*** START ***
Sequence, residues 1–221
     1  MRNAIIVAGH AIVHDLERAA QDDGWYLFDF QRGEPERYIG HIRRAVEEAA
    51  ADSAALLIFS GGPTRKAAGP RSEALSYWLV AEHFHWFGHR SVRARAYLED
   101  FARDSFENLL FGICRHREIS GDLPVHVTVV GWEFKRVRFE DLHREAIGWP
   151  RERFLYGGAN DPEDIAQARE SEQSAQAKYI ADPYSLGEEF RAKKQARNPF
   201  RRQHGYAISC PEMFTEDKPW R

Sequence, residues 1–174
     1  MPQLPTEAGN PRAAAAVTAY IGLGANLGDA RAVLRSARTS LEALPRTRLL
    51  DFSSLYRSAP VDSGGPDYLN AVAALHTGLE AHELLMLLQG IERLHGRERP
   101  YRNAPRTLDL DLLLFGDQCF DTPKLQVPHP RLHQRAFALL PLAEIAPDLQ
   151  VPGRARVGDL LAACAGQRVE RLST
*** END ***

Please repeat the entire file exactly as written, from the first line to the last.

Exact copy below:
Sequence, residues 1–221
     1  MRNAIIVAGH AIVHDLERAA QDDGWYLFDF QRGEPERYIG HIRRAVEEAA
    51  ADSAALLIFS GGPTRKAAGP RSEALSYWLV AEHFHWFGHR SVRARAYLED
   101  FARDSFENLL FGICRHREIS GDLPVHVTVV GWEFKRVRFE DLHREAIGWP
   151  RERFLYGGAN DPEDIAQARE SEQSAQAKYI ADPYSLGEEF RAKKQARNPF
   201  RRQHGYAISC PEMFTEDKPW R

Sequence, residues 1–174
     1  MPQLPTEAGN PRAAAAVTAY IGLGANLGDA RAVLRSARTS LEALPRTRLL
    51  DFSSLYRSAP VDSGGPDYLN AVAALHTGLE AHELLMLLQG IERLHGRERP
   101  YRNAPRTLDL DLLLFGDQCF DTPKLQVPHP RLHQRAFALL PLAEIAPDLQ
   151  VPGRARVGDL LAACAGQRVE RLST